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Potential benefit of dolutegravir once daily: efficacy and safety

Authors Fantauzzi A, Turriziani O, Mezzaroma I

Received 4 October 2012

Accepted for publication 17 December 2012

Published 8 February 2013 Volume 2013:5 Pages 29—40

DOI https://doi.org/10.2147/HIV.S27765

Checked for plagiarism Yes

Review by Single-blind

Peer reviewer comments 3


Alessandra Fantauzzi,1 Ombretta Turriziani,2 Ivano Mezzaroma1

1Department of Clinical Medicine, 2Department of Molecular Medicine, Sapienza, University of Rome, Rome, Italy

Abstract: The viral integrase enzyme has recently emerged as a primary alternative target to block HIV-1 replication, and integrase inhibitors are considered a pivotal new class of antiretroviral drugs. Dolutegravir is an investigational next-generation integrase inhibitor showing some novel and intriguing characteristics, ie, it has a favorable pharmacokinetic profile with a prolonged intracellular half-life, rendering feasible once-daily dosing without the need for ritonavir boosting and without regard to meals. Moreover, dolutegravir is primarily metabolized via uridine diphosphate glucuronosyltranferase 1A1, with a minor component of the cytochrome P450 3A4 isoform, thereby limiting drug–drug interactions. Furthermore, its metabolic profile enables coadministration with most of the other available antiretroviral agents without dose adjustment. Recent findings also demonstrate that dolutegravir has significant activity against HIV-1 isolates with resistance mutations associated with raltegravir and/or elvitegravir. The attributes of once-daily administration and the potential to treat integrase inhibitor-resistant viruses make dolutegravir an interesting and promising investigational drug. In this review, the main concerns about the efficacy and safety of dolutegravir as well as its resistance profile are explored by analysis of currently available data from preclinical and clinical studies.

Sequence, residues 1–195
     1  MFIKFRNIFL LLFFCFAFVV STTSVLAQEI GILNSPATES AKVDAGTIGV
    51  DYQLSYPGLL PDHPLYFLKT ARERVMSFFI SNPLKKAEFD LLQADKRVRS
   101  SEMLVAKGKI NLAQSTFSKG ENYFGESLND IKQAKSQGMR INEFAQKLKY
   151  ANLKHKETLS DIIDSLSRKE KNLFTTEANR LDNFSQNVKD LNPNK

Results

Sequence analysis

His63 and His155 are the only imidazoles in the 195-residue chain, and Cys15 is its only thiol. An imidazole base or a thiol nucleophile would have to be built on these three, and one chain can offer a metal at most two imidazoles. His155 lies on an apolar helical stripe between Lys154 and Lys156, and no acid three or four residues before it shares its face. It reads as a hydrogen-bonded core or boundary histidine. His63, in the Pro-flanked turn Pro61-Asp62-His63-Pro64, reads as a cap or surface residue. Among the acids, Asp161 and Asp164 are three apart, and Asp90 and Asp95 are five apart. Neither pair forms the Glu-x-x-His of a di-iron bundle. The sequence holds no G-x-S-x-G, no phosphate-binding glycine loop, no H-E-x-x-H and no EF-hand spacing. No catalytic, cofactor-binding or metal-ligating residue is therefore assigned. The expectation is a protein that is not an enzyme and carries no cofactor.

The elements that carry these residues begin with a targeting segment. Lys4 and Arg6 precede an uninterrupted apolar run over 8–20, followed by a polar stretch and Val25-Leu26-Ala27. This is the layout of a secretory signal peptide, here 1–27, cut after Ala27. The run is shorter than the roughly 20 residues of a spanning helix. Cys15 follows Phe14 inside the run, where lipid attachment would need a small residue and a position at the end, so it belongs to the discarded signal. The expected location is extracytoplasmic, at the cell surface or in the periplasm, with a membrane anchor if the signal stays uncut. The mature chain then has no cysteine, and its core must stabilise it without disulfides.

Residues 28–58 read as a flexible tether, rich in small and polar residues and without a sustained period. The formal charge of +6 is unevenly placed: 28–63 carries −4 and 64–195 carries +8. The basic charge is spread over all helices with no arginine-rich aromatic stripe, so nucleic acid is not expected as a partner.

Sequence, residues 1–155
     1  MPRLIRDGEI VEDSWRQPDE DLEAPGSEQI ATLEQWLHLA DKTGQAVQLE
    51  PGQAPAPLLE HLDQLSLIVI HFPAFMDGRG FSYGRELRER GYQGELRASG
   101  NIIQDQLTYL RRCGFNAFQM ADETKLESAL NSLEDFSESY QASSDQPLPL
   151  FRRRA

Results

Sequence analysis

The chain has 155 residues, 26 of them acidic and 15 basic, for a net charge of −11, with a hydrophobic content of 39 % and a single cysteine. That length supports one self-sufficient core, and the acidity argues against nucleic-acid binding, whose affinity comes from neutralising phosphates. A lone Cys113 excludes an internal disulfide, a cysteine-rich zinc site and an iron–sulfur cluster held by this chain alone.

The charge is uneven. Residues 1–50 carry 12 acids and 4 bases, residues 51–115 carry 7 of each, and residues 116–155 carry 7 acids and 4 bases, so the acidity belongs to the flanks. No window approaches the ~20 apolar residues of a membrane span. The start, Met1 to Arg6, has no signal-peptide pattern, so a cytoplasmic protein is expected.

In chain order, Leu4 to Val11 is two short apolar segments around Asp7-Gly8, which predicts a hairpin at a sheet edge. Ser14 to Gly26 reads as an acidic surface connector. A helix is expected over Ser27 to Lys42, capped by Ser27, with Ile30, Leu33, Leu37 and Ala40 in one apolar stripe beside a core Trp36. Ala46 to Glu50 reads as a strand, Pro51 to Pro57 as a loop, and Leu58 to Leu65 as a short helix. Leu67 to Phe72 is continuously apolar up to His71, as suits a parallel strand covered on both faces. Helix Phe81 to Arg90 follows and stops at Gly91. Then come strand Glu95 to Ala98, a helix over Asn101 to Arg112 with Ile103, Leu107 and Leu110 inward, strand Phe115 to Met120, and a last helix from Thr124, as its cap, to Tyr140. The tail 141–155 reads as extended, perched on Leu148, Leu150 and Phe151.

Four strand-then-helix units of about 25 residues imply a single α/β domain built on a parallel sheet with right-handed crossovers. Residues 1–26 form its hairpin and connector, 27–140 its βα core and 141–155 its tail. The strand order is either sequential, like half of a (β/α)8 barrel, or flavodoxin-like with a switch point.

Keywords: antiretroviral drugs, HIV-1 integrase, integrase inhibitors, dolutegravir, once daily

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